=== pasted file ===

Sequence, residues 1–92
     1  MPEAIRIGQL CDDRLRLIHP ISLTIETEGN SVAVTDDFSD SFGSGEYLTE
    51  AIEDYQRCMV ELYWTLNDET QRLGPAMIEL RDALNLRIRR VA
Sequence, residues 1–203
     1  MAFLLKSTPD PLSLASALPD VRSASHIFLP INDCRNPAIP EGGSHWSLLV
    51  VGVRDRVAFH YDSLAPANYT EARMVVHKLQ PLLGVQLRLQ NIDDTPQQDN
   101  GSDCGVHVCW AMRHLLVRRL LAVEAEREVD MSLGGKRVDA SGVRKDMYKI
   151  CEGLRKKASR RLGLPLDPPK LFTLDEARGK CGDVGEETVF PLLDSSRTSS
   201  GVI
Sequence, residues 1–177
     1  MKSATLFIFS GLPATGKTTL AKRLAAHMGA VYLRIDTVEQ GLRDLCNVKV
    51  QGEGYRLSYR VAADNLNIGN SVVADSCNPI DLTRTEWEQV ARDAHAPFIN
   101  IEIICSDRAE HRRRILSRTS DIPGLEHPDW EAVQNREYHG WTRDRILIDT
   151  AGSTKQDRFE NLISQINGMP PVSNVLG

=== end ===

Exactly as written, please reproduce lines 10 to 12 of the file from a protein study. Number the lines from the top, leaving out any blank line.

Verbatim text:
Sequence, residues 1–177
     1  MKSATLFIFS GLPATGKTTL AKRLAAHMGA VYLRIDTVEQ GLRDLCNVKV
    51  QGEGYRLSYR VAADNLNIGN SVVADSCNPI DLTRTEWEQV ARDAHAPFIN